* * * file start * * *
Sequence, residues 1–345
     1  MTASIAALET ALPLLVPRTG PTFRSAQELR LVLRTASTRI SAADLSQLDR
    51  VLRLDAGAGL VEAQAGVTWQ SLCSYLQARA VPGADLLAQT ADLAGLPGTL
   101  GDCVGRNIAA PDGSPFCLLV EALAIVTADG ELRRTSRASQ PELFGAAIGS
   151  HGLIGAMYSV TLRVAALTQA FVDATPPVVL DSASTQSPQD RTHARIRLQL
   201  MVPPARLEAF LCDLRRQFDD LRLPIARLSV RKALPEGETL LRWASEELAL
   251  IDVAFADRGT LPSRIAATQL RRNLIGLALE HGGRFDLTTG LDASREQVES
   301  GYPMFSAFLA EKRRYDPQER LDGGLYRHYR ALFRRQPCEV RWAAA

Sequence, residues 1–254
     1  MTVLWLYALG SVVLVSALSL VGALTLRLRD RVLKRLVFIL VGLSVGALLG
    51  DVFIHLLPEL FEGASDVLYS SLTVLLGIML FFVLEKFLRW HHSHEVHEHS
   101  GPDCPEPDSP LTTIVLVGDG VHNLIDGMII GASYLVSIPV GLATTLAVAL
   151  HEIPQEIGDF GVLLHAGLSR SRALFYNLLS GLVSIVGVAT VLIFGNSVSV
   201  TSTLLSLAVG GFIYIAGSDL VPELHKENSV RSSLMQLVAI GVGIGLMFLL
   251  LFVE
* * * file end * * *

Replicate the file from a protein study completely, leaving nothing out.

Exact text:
Sequence, residues 1–345
     1  MTASIAALET ALPLLVPRTG PTFRSAQELR LVLRTASTRI SAADLSQLDR
    51  VLRLDAGAGL VEAQAGVTWQ SLCSYLQARA VPGADLLAQT ADLAGLPGTL
   101  GDCVGRNIAA PDGSPFCLLV EALAIVTADG ELRRTSRASQ PELFGAAIGS
   151  HGLIGAMYSV TLRVAALTQA FVDATPPVVL DSASTQSPQD RTHARIRLQL
   201  MVPPARLEAF LCDLRRQFDD LRLPIARLSV RKALPEGETL LRWASEELAL
   251  IDVAFADRGT LPSRIAATQL RRNLIGLALE HGGRFDLTTG LDASREQVES
   301  GYPMFSAFLA EKRRYDPQER LDGGLYRHYR ALFRRQPCEV RWAAA

Sequence, residues 1–254
     1  MTVLWLYALG SVVLVSALSL VGALTLRLRD RVLKRLVFIL VGLSVGALLG
    51  DVFIHLLPEL FEGASDVLYS SLTVLLGIML FFVLEKFLRW HHSHEVHEHS
   101  GPDCPEPDSP LTTIVLVGDG VHNLIDGMII GASYLVSIPV GLATTLAVAL
   151  HEIPQEIGDF GVLLHAGLSR SRALFYNLLS GLVSIVGVAT VLIFGNSVSV
   201  TSTLLSLAVG GFIYIAGSDL VPELHKENSV RSSLMQLVAI GVGIGLMFLL
   251  LFVE